Political Onus – 8. Eusocialism

As Greek philosopher Pythagoras sagely observed in the 6th century before the common era: “As soon as laws are necessary for men, they are no longer fit for freedom.”

Only someone ignorant of history, economics, politics, and the state of the world today can call the human experience a success. Instead, modernity meant institutionalized inequity and an acceleration in the desecration of Nature.

Swedish statesman Axel Oxenstierna observed in 1648: “Behold with how little wisdom the world is governed.” Some things never change.

The institution of democratic governance had an implicit responsibility: to create a citizenry capable of intelligent selection of public servants. That responsibility has not been met. One need only look at the caliber of democratically elected national leaders to prove the point.

Compulsory education regimes have not produced a sufficiently knowledgeable citizenry upon which a decent democracy depends. Most people don’t even know what foods to eat to wholesomely sustain themselves.

Worldwide, the situation renders the status quo untenable, and the future bleak indeed. Climate change is already disruptive; a trend that will startlingly accelerate within the next few decades.

There is scant reason to think that mankind collectively possesses the intelligence or will to belatedly self-correct and avert its inexorable, self-made demise. Albert Einstein aptly noted that “the measure of intelligence is the ability to change.” That withstanding, let’s glimpse what a curative polity would be.

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The rapacious chaos inherent to capitalism must be staunched. Societies must become organized as environmentally sustainable and socially stable endeavors.

There is no doubt that economies can be planned and successfully run. Political administrations of capitalist countries did so during the 20th-century world wars.

Huge international corporations adroitly coordinate manufacture and servicing for a myriad of products. The same could be accomplished for a societal economy.

Government must truly become of the people, by the people, for the people. The reckless demand for personal freedom must evolve into a sense of social connection – a morphing of mentality from that of a spoiled child to that of a responsible adult.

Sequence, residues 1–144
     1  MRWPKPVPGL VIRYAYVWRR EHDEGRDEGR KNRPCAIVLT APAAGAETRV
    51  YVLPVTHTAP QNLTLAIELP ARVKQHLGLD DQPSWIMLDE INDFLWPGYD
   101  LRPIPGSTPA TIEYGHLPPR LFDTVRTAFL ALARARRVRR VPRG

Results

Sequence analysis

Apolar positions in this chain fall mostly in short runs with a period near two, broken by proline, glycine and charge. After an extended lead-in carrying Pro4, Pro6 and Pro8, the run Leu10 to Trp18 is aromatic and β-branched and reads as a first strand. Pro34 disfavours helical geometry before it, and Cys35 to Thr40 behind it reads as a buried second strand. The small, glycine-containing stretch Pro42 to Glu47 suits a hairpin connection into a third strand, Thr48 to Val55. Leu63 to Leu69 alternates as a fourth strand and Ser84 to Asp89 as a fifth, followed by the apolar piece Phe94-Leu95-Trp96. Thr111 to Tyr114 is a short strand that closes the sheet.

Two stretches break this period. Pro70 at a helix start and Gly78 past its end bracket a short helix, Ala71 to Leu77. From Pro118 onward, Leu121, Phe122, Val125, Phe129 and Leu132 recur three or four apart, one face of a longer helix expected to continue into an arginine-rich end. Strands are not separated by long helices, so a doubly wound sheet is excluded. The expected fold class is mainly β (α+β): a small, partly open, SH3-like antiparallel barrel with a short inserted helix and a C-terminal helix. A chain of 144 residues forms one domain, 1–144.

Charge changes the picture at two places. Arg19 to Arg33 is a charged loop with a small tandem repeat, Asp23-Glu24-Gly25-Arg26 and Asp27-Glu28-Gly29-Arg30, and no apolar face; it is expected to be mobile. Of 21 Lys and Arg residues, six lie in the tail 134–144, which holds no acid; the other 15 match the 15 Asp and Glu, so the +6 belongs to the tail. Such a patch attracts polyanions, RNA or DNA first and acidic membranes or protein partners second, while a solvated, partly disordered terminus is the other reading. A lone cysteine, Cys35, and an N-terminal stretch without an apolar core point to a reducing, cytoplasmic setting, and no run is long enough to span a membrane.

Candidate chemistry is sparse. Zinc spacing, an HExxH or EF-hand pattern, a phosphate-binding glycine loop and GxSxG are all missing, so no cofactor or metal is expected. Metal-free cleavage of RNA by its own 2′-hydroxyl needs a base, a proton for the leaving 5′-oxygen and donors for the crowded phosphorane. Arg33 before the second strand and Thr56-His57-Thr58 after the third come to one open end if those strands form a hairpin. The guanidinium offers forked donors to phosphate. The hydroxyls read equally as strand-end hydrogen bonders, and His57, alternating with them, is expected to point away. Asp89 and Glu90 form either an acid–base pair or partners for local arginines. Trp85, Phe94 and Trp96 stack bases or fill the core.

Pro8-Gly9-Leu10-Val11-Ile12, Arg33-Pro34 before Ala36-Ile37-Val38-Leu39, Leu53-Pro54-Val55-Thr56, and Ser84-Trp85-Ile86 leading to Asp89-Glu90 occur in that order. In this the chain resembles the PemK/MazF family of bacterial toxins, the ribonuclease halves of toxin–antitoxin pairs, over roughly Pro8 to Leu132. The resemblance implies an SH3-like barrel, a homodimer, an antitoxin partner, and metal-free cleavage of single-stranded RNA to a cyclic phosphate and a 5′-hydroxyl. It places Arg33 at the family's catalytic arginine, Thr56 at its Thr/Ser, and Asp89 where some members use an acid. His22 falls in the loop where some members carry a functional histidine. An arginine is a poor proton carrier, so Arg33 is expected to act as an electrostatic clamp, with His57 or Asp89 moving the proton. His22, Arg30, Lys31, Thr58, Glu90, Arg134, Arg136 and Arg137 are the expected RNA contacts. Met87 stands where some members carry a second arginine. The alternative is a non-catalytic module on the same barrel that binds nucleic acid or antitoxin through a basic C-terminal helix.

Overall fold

Inequality is inequity. The quest for material wealth is hurling humanity toward the brink of extinction. To assuredly sustain the social fabric, wealth must be a communal asset, not in an individual’s grasp.

The guiding light of eusocialism is respect: respect for Nature and respect for each other. Those who do not esteem the lives of others must not be tolerated.

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Public policy and government administration, properly done, are crafts which require considerable sociological, scientific, and economic knowledge. The idea that societal management candidates should be selected based upon their ability to make crowd-pleasing speeches and rake in donations is ludicrous. Yet that is exactly how modern democracies operate.

As long as inequality is allowed, the body politic will be bent by those who prosper at others’ expense. If there is a single lesson provided by political history, this is it.

The lust for material wealth drove the current extinction event – the marriage of materialism to political power, abetted by technology. Only by stopping the relentless environmental destruction and sociopathic disregard of others’ well-being does humankind have any hope for survival whatsoever.

The transition to eusocialism would require a revolution of minds as well as the overturning of permissive constitutions and profligate ways of life. The prospect of that happening is slim indeed. And so humanity condemns itself to extinction.